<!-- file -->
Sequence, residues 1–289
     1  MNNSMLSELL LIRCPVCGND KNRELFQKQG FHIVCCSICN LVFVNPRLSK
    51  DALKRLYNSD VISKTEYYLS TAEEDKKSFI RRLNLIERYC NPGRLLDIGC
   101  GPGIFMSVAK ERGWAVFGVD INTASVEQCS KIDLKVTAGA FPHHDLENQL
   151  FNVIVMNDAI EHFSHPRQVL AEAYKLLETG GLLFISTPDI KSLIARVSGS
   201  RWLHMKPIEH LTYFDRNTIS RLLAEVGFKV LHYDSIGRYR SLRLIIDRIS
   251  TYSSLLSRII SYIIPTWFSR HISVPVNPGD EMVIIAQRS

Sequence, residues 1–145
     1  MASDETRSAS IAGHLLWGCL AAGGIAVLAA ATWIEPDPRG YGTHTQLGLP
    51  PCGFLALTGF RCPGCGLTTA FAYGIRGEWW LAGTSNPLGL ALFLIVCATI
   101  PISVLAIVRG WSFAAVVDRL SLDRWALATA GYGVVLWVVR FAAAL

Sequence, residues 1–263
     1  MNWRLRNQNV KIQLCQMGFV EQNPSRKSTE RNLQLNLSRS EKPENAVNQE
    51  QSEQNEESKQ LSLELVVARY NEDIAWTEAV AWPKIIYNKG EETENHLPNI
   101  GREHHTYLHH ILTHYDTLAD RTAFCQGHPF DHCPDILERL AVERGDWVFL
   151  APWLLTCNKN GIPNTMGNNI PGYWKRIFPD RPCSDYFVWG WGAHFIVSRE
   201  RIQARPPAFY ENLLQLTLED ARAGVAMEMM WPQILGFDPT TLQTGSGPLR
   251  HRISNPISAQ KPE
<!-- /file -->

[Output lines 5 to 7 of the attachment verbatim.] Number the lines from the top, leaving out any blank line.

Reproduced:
   151  FNVIVMNDAI EHFSHPRQVL AEAYKLLETG GLLFISTPDI KSLIARVSGS
   201  RWLHMKPIEH LTYFDRNTIS RLLAEVGFKV LHYDSIGRYR SLRLIIDRIS
   251  TYSSLLSRII SYIIPTWFSR HISVPVNPGD EMVIIAQRS